"The denizens of Davos reassured themselves that free trade would go on in the Trump era, but they had for years done little about the losers such a system creates"
|Link to web site|
"This is not the first era of globalisation. What might be called Globalisation 1.0 was alive and well at the end of the 19th century, an era of free trade, mass migration and liberalised capital flows.
"It was described by John Maynard Keynes in the following way:
'The inhabitant of London could order by telephone, sipping his morning tea in bed, the various products of the whole Earth, in such quantity as he might see fit, and reasonably expect their early delivery upon his doorstep; he could at the same moment and by the same means adventure his wealth in the natural resources and new enterprises of any quarter of the world, and share, without exertion or even trouble, in their prospective fruits and advantages.'"What's the difference between Keynes's Londoner sipping his tea and today's Londoner slurping a latte while using a smartphone to buy something from Amazon? Sure, technology is faster and the global networks are more integrated. But in Edwardian Britain there was exactly the same confidence that the globalised world would continue uninterrupted as there is today.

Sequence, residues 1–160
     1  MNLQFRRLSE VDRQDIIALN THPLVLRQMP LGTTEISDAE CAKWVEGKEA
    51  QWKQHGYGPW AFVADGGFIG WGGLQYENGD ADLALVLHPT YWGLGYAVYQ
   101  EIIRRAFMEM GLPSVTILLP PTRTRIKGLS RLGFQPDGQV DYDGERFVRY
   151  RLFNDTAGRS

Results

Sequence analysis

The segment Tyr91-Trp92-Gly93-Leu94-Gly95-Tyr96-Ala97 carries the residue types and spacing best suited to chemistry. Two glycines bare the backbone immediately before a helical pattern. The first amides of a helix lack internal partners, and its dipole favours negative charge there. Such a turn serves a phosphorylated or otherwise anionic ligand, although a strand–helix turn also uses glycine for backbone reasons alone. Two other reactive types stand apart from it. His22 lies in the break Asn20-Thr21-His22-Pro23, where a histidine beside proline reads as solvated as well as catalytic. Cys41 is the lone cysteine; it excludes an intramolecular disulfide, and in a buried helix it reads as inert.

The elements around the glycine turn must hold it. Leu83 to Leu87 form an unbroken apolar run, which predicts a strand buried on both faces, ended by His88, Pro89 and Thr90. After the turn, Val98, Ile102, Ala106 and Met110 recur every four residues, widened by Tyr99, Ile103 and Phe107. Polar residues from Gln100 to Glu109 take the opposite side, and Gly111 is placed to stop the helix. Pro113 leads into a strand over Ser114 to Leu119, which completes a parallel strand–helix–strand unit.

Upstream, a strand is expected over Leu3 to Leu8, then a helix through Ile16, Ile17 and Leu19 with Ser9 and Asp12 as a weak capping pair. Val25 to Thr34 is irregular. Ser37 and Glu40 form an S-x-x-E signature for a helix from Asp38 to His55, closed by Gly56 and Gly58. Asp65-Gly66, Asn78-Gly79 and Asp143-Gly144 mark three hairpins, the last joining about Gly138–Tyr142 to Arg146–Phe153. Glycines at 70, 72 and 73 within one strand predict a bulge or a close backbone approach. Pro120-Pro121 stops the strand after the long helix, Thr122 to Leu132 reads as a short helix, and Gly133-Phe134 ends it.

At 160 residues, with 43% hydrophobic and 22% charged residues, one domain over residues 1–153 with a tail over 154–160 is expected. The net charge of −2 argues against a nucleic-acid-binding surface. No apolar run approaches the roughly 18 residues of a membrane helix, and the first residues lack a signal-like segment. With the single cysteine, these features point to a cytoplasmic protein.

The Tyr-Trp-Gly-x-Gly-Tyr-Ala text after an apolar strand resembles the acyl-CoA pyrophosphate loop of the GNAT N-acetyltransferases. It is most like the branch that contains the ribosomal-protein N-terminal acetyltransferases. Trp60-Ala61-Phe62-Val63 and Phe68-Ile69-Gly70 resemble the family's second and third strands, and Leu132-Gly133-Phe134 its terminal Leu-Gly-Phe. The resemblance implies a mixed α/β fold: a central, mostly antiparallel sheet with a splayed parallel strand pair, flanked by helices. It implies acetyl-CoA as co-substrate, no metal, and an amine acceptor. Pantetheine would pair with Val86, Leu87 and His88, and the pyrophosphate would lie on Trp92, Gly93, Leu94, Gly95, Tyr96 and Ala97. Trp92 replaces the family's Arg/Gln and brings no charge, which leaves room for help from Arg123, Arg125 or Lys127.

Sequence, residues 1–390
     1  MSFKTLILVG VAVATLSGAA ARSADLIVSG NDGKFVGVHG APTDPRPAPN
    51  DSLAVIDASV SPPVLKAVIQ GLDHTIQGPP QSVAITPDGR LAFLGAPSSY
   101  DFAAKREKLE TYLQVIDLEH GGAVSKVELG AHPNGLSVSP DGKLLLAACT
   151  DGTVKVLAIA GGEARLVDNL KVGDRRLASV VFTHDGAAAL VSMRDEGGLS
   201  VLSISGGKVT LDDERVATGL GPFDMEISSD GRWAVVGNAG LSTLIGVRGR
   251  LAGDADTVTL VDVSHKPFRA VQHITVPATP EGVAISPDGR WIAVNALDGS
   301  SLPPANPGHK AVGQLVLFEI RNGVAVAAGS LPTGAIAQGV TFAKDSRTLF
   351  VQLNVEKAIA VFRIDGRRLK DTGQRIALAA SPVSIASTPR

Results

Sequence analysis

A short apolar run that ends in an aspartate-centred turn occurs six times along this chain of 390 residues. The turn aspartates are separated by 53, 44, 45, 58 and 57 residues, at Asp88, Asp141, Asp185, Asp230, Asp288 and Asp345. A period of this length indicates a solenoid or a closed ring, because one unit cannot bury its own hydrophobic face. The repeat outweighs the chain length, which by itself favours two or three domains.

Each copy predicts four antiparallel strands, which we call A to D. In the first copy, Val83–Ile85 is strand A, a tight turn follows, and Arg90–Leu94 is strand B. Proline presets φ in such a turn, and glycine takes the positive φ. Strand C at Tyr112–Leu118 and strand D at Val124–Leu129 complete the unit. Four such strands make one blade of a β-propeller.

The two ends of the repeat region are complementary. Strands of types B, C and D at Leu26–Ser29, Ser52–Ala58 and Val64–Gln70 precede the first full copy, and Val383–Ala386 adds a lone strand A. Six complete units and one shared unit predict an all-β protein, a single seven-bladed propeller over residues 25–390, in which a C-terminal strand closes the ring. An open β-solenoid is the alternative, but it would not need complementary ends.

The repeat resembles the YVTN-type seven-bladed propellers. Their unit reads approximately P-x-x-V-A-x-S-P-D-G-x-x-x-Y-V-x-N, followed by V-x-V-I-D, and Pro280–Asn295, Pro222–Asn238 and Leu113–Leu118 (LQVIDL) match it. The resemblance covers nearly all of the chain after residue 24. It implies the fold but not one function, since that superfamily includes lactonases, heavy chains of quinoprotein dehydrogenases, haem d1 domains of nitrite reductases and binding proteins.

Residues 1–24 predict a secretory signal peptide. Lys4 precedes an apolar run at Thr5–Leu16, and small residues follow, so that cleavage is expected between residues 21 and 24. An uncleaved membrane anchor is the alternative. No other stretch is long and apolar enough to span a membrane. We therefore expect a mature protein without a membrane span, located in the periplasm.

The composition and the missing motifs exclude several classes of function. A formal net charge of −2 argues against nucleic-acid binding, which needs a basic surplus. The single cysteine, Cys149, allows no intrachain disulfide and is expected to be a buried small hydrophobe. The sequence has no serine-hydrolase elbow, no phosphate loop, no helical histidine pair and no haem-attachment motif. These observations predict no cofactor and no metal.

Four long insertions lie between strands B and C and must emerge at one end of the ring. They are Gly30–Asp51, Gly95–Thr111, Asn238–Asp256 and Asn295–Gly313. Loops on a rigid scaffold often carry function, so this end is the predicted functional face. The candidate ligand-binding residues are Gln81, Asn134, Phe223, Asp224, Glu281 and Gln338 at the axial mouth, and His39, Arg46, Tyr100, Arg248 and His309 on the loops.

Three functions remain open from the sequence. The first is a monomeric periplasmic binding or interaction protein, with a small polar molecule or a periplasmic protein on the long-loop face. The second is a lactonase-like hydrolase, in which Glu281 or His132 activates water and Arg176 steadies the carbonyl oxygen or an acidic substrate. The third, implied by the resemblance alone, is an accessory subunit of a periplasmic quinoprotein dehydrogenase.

"Yet the first era of globalisation did end. What’s more, a precise date can be put on the day it died: 28 June 1914, the day the assassination of Archduke Franz Ferdinand set off the chain reaction that led to the outbreak of the first world war six weeks later. The unspoken question in Davos was whether 20 January 2017 will be another day that will go down in history for all the wrong reasons."